“Is the President there?” asked Rachel.  This was the fourth day they had taken up ‘surveillance’ as she called it.  After the second day she had learned to come prepared.  A small ice cooler contained drinks and an assortment of magazines were stacked near her.

“Yes….came little…little while ago….safe…Ralph watch….Ralph be ready….”  Ralph lapsed back into silence and Rachel left him alone.  She reached out and rubbed his shoulders, then smoothed the hair on the back of his head.

Sighing to herself, Rachel picked up a magazine and started to read about the latest Hollywood scandal.  It was going to be another long day.

Deep inside the White House in a security room, a Secret Service agent turned to his boss.

“They’re back.  I’ve run their photos through the computers, but nothing.  They live in Fairbanks, Alaska.  The husband is a contractor and is currently working on a job in Anchorage.  The son suffers from autism.  The mother stays at home and cares for him.  Nothing out of the ordinary.  No ties to any organization we are concerned about.  Maybe they just have a fascination with the White House.”

“Have you monitored their conversation?” asked the team leader.  Every square inch of the White House grounds and the neighboring streets were wired for sound.  If anyone was intent on harming the President and mentioned it, they would hear it.  Most of the time they only recorded the chatter of tourists fascinated with the location where the most powerful man in the world held office.

“Nothing but idle talk between them.  The young man speaks in fragments and the third person.  He did say something interesting this morning.   The mother asked him if the President was there and he said the President had arrived a ‘little while ago.’  I checked the log and, even though ‘a little while’ is not a specific time, the President did arrive when he said.”  The agent monitoring the listening posts looked at his superior.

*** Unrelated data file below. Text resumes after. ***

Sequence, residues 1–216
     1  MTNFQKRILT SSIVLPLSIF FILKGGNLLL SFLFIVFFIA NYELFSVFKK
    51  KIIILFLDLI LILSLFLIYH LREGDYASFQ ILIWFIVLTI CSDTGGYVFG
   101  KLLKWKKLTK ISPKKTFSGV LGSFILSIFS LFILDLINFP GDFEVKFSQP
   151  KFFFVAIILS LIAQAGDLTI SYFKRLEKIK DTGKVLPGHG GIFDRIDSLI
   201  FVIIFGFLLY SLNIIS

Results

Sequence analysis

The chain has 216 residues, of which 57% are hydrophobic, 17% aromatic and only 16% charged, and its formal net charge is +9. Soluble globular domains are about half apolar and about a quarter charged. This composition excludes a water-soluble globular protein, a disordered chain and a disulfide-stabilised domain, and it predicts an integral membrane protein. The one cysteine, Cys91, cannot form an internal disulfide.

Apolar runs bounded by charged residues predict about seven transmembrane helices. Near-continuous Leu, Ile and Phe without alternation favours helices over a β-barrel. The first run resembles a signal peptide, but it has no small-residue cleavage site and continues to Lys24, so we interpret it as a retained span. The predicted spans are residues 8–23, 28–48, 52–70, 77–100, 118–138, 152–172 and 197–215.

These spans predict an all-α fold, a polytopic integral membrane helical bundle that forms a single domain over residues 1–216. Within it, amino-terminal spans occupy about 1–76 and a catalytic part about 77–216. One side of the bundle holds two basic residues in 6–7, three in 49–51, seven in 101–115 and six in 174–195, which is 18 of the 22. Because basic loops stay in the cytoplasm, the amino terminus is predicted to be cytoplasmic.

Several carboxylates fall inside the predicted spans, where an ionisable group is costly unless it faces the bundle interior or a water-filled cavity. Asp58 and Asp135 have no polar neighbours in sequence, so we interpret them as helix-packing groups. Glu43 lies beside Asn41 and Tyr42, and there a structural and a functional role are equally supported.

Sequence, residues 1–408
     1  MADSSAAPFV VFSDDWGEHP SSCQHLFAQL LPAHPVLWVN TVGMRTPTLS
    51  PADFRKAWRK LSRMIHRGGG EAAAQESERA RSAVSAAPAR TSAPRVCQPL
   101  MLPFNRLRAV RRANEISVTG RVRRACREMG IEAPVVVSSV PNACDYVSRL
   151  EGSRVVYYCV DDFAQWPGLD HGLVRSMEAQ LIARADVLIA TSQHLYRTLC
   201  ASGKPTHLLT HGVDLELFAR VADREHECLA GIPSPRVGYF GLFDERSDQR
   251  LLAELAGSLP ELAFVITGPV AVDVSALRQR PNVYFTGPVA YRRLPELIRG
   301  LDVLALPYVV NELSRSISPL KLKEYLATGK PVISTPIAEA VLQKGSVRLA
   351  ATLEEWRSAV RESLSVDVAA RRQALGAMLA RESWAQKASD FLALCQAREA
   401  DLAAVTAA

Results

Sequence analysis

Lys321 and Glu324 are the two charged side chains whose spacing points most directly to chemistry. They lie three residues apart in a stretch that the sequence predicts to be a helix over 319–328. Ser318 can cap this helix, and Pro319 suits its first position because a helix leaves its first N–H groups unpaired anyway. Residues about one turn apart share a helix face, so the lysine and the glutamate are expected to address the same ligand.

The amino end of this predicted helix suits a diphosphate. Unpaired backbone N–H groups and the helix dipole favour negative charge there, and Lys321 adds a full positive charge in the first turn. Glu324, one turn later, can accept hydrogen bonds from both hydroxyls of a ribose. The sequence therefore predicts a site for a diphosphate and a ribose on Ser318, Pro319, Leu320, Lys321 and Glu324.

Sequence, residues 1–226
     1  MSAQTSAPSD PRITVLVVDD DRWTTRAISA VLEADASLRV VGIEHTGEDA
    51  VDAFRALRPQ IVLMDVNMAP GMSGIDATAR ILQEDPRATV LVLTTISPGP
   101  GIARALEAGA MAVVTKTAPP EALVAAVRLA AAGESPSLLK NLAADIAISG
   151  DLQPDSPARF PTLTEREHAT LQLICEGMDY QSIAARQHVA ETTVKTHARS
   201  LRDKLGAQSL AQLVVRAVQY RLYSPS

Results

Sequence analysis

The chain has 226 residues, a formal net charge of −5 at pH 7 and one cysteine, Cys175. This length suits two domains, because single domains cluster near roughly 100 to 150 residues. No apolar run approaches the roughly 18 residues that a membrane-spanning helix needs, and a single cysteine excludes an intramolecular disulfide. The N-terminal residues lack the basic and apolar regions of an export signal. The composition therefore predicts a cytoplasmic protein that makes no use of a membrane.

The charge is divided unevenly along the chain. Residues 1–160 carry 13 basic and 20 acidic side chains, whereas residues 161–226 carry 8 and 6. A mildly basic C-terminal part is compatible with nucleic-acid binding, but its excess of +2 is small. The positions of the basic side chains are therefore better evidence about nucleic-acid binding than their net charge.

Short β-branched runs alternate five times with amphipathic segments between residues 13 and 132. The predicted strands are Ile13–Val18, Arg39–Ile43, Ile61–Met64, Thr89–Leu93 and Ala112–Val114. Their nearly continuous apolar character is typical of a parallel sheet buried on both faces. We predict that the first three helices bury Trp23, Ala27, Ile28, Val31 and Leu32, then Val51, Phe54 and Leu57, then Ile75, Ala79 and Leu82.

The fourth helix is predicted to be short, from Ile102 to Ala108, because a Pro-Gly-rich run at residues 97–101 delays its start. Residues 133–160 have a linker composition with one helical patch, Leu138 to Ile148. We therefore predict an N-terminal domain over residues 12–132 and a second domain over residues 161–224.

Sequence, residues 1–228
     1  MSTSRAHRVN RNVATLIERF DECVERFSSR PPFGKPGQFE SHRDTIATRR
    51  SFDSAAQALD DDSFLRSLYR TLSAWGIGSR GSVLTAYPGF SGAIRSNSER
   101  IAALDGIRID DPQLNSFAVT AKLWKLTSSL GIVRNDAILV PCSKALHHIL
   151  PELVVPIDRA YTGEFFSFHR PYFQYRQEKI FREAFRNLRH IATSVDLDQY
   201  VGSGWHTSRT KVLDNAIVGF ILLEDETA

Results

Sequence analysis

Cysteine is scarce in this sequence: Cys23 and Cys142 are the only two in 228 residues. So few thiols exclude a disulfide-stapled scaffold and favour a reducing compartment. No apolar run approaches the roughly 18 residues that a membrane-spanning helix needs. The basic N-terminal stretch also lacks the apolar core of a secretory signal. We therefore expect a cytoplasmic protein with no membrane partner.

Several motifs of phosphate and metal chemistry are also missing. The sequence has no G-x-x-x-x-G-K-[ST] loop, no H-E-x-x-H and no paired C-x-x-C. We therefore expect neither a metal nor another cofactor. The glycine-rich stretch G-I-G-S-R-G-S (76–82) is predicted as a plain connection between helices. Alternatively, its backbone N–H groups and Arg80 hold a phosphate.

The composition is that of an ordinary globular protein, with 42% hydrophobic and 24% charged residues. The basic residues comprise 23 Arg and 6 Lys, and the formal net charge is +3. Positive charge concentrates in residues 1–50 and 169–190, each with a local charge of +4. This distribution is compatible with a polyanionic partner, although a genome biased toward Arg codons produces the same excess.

“Did he see the President arrive?”

“He couldn’t have seen him.  The President came in through the back entrance.”

“Better yet, how did he know the President was gone?  Only a handful of aids knew he was at Camp David on a political matter.”  The Team Leader stared at the monitor.  The two were sitting on the bench like they had the previous three days.  “Did he say anything else of interest?”

“He has made reference to a ‘Mind Walker’ several times.  I have no idea what that is.”

“Mind Walker?”

“Yes, sir.  I verified it myself.  This morning he told his mother that the Mind Walker was needed here, but didn’t say why.”

The Team Leader walked back and forth several times.  Stopping behind the first technician, he said, “Run the term ‘Mind Walker’ through our data bases and tell me what you find.  I’ll contact the Director and let him know about this.  It is probably nothing.  They don’t appear to be a threat and they have no ties to anything, but I believe caution is prudent.  I want both of you to prepare a report and have it ready today.”

The Team Leader turned to walk away, but was stopped.

“Sir, might I recommend we have them watched at the hotel.  We know what they’re doing here, but if we are preparing reports we might as well monitor their activity when they are not here.  It might reveal additional information.”

“Good idea.  Let’s get a team on that.  Let me know immediately if there is any change.  It’s probably nothing, but let’s be safe.  Carry on.”

The two technicians turned to stare at the monitor.  The woman and young man were still on the bench staring at the White House.  Why?

Read Chapter 37